Lost on Planet China

Where Peter Hessler and Jonathan Spence have gone before him, J. Maarten Troost adopts a "trademark gonzo" journalistic approach in an attempt to explicate China to the outside world.

Book Digest Which superpower regularly exports inferior goods, infiltrates other economies, has a questionable human rights record, and preemptively wars against other sovereign nations? Strong evidence can be presented that the U.S.A. fits that bill, but let's go with the conventional view and name the People's Republic of China. Unfortunately, that array of indictments obscures the vast complexity and delights of this awakened giant. A few Westerners, including Peter Hessler and Jonathan Spence, have taken on the task of explicating the inscrutable and sometimes impenetrable Chinese to the outside world.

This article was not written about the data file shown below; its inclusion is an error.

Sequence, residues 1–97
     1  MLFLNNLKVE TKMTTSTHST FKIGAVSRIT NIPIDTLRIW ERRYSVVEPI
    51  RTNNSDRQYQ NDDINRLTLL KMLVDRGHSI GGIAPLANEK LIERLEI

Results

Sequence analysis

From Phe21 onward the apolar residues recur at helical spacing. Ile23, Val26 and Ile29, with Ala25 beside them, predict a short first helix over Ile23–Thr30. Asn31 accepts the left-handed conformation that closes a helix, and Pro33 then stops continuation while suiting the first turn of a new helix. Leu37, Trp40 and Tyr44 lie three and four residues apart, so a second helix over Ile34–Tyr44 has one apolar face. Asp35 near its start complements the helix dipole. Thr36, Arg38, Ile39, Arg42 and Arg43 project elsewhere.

While not aspiring to the explication of China as a career, with Lost on Planet China: The Strange and True Story of One Man's Attempt to Understand the World's Most Mystifying Nation, or How He Became Comfortable Eating Live Squid, madcap travel writer J. Maarten Troost (The Sex Lives of Cannibals), who unabashedly mimics the style of Michael Palin, offers a less orthodox approach to constructing a Chinese travelogue. Troost covers significant territory, wandering through Beijing and Shanghai and traveling to the Gobi Desert and backwater Tibet. While there Troost engages in what his publisher describes as his "trademark gonzo adventures," treading where wiser men may, uh, demure.
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